I was recommended Ralph Ellison’s “Invisible Man” by Gordon Marino, emeritus professor of philosophy during my first year at St. Olaf. One of the assigned readings for Marino’s class, Kierkegaard and Existentialism, was the Prologue from Ellison’s 1952 novel. The Prologue stands distinct from the rest of the story — it is not surprising to find it alone in the curricula of philosophy classes or reading lists of book clubs around America. Any chapter that opens with such a punctual line as “I am an invisible man” deserves heightened recognition, and Professor Marino made the importance of this solitary, 12-page introduction to the novel’s actual plot clear to me and to the rest of his class.
I forget how our discussion drifted to him recommending that I read the novel in its entirety. Most likely I was expressing my feelings of loneliness, alienation and solitude that persisted throughout my freshman year. And most likely Professor Marino replied in a way that was both reassuring and mystifying, pointing me toward a work of literature that confronted these very feelings head-on. This was late in the spring, so the recommendation was for a summer reading that he and I both hoped would lead to some sort of fantastical self-realization.
I finished the book in August 2020, one summer removed from the recommended date. With the grace of hind-sight, I now think it was a more appropriate time to travel alongside Ellison’s invisible man through his plights in a fictionalized 1940s United States.
I return to “Invisible Man” now in a similar way to how Ellison himself returned to his novel 29 years after its original publishing, writing his own introduction. The concept of the invisible man forced Ellison, as he would go on to explain, to craft a plot around a character that prodded the consciousness of America to recognize why the invisible man would ever categorize himself as such.
“Most of all, I would have to approach racial stereotypes as a given fact of the social process and proceed, while gambling with the reader’s capacity for fictional truth, to reveal the human complexity which stereotypes are intended to conceal,” Ellison explained, culminating a long paragraph in which he would espouse the need to reveal the “human universals hidden within the plight of one who was both black and American” — his self-proclaimed task in writing the novel.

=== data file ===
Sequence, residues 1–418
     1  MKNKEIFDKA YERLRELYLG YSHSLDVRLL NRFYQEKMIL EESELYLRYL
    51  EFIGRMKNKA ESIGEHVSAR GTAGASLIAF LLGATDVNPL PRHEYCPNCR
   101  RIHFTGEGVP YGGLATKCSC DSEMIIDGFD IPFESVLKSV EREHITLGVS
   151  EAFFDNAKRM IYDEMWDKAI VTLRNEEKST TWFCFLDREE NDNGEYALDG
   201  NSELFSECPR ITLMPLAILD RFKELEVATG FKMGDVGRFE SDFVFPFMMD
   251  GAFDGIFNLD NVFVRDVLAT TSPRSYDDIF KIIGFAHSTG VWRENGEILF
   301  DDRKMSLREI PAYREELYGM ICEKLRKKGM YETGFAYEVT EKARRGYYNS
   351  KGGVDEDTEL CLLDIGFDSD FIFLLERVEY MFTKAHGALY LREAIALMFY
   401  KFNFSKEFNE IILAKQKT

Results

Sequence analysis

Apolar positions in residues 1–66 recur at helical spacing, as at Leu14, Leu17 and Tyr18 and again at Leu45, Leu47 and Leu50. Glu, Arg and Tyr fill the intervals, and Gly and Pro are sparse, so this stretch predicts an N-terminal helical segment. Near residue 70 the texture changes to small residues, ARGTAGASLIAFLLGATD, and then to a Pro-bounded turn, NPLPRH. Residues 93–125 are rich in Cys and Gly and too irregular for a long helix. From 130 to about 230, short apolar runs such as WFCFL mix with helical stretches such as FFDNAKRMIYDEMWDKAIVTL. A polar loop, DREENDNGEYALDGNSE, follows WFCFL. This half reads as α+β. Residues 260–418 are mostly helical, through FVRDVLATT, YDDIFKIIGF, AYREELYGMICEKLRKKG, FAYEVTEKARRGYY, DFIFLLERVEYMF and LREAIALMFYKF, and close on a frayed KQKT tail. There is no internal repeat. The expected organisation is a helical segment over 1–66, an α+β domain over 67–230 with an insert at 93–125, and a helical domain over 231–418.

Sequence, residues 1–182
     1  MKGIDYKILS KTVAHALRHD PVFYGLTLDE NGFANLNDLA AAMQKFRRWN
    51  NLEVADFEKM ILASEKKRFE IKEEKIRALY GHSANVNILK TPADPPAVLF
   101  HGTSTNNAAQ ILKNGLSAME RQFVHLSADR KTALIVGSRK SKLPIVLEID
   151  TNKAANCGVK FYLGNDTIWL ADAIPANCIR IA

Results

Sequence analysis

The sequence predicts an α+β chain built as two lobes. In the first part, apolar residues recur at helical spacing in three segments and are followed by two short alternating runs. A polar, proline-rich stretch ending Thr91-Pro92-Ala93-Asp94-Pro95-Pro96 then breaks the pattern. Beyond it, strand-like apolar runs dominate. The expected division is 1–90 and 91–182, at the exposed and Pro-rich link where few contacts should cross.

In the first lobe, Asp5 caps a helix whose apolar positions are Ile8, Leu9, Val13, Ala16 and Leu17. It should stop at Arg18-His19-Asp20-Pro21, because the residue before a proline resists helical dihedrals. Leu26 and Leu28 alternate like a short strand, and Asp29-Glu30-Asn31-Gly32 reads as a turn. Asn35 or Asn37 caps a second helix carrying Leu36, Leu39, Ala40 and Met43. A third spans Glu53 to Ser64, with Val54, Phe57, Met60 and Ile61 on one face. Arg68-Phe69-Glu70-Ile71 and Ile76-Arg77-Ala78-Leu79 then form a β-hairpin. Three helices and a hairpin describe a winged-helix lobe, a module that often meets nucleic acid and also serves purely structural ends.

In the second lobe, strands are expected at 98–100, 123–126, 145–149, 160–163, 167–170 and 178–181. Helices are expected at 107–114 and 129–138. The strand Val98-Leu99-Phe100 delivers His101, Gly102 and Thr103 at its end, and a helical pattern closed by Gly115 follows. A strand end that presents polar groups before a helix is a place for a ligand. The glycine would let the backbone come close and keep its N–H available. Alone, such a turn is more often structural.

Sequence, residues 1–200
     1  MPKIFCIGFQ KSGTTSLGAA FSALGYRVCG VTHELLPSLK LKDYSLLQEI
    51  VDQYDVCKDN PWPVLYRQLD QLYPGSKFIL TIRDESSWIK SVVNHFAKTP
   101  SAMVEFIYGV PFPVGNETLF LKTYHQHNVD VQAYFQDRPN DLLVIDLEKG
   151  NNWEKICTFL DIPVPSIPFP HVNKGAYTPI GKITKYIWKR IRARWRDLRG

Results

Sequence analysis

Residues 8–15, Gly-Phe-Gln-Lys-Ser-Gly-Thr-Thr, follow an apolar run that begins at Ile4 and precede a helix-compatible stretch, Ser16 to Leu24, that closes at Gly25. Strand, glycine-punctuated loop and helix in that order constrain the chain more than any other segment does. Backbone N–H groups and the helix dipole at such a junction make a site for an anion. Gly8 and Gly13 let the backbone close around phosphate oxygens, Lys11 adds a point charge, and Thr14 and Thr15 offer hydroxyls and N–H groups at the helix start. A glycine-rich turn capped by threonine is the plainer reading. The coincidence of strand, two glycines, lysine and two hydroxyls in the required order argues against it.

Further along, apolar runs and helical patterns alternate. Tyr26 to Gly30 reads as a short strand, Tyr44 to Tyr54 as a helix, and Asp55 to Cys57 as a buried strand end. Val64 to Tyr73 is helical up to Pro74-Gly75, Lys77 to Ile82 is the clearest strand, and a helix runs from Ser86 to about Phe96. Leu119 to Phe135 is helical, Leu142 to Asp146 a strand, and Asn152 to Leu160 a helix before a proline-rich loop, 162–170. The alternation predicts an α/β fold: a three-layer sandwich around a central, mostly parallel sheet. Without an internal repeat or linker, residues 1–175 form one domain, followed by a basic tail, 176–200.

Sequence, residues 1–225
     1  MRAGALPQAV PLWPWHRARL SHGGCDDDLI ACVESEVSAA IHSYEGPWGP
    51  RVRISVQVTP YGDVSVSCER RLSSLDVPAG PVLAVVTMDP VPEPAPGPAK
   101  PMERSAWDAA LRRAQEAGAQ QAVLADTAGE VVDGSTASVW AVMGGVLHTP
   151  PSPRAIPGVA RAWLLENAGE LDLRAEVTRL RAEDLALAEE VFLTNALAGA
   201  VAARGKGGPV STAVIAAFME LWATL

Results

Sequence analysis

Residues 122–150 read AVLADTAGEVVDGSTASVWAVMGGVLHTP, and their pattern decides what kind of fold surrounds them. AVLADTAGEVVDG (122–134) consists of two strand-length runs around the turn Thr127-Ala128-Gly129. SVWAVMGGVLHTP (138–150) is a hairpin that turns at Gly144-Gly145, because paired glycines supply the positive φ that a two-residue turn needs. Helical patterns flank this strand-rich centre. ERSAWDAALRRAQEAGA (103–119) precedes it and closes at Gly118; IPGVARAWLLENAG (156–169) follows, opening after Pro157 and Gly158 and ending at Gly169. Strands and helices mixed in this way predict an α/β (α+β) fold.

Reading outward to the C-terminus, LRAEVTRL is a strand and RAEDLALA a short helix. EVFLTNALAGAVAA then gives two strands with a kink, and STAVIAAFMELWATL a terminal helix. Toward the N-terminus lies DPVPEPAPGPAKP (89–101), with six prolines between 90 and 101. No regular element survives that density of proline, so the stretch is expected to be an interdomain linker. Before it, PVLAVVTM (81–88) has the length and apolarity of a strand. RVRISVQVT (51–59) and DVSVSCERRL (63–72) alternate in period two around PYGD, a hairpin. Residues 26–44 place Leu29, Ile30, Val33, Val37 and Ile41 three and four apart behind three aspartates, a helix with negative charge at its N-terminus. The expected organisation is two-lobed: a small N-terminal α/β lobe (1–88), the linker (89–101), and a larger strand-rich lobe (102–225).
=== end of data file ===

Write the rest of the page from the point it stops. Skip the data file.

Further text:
In the same way that the concept of the invisible man challenged Ellison’s imagination throughout his seven years of writing, the same concept now challenges my interpretation of the book’s purpose within America. While I originally intended to read “Invisible Man” as a purely selfish process of self-fulfillment, the book says much more about the society America has constructed than I realized. The novel’s two purposes highlight the multiple levels of the self and society Ellison engages with.
Ellison’s invisible man is a natural consequence of American society. Black folk in America have been and still are forced to live invisible to white folk, who occupy positions of power that exert life-threatening levels of control over their lives. That’s why stereotypes, for Ellison, were of predominant importance. This stereotyped life, as personified by the book’s narrator, leads to the psyche of invisibility. One can jump through hoops here and there, find social, academic and political acclaim, fight back against racist systems, bring pride to himself and to his community — all feats the nameless narrator achieved — and still end up invisible in an abandoned cellar or shot dead in the street.
The sentiments, about stereotypes and invisibility, ring as true in 2020 as they did in 1952. That’s the power of the invisible man.
“No, because what is commonly assumed to be past history is actually as much a part of the living present as William Faulkner insisted,” Ellison acknowledged in the introduction. “Furtive, implacable and tricky, it inspirits both the observer and the scene observed, artifacts, manners and atmosphere and it speaks even when no one wills to listen.”